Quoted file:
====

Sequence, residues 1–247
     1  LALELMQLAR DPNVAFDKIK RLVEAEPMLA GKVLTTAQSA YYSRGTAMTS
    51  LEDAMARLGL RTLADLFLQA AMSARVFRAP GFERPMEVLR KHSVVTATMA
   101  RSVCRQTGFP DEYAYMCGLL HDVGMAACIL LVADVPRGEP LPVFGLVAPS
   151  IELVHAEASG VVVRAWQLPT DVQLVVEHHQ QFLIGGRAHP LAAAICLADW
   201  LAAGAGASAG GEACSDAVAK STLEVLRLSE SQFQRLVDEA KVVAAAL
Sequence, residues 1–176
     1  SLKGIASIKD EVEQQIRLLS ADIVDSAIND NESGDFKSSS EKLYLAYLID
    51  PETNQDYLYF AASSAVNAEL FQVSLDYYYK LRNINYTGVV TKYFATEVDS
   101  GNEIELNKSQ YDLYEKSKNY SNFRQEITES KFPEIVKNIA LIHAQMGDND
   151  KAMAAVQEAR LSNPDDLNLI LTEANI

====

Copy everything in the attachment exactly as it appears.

Sequence, residues 1–247
     1  LALELMQLAR DPNVAFDKIK RLVEAEPMLA GKVLTTAQSA YYSRGTAMTS
    51  LEDAMARLGL RTLADLFLQA AMSARVFRAP GFERPMEVLR KHSVVTATMA
   101  RSVCRQTGFP DEYAYMCGLL HDVGMAACIL LVADVPRGEP LPVFGLVAPS
   151  IELVHAEASG VVVRAWQLPT DVQLVVEHHQ QFLIGGRAHP LAAAICLADW
   201  LAAGAGASAG GEACSDAVAK STLEVLRLSE SQFQRLVDEA KVVAAAL
Sequence, residues 1–176
     1  SLKGIASIKD EVEQQIRLLS ADIVDSAIND NESGDFKSSS EKLYLAYLID
    51  PETNQDYLYF AASSAVNAEL FQVSLDYYYK LRNINYTGVV TKYFATEVDS
   101  GNEIELNKSQ YDLYEKSKNY SNFRQEITES KFPEIVKNIA LIHAQMGDND
   151  KAMAAVQEAR LSNPDDLNLI LTEANI